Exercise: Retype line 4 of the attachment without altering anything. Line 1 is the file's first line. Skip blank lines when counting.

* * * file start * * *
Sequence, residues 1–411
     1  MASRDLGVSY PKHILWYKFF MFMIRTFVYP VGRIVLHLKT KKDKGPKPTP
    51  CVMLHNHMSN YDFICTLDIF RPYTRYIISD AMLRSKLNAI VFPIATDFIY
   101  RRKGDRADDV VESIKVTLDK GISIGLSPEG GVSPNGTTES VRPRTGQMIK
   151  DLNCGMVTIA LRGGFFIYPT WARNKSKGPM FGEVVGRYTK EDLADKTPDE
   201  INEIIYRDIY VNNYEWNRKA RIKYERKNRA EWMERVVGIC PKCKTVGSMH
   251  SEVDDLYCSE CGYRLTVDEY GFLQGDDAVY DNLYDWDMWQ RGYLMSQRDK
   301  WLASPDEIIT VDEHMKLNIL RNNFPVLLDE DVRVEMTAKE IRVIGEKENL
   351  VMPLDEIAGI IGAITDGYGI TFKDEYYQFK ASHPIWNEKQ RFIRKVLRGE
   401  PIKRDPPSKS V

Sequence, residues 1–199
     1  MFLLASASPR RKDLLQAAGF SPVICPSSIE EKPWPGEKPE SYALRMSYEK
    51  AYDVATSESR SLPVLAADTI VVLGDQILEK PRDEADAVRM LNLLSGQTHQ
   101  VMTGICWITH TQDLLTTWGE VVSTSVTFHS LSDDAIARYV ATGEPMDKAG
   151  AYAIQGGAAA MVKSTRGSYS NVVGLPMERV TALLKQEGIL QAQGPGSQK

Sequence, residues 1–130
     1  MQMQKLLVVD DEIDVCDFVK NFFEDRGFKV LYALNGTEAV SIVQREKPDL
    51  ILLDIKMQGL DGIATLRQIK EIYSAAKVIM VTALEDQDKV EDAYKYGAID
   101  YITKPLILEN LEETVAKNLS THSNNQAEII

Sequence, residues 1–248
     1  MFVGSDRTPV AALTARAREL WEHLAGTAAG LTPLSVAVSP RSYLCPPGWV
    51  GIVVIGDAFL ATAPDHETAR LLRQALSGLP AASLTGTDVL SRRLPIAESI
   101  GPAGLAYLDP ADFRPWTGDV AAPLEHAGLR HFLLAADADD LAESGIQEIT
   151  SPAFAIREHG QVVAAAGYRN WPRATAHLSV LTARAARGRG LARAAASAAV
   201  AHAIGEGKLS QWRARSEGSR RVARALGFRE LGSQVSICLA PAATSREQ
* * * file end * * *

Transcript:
   101  RRKGDRADDV VESIKVTLDK GISIGLSPEG GVSPNGTTES VRPRTGQMIK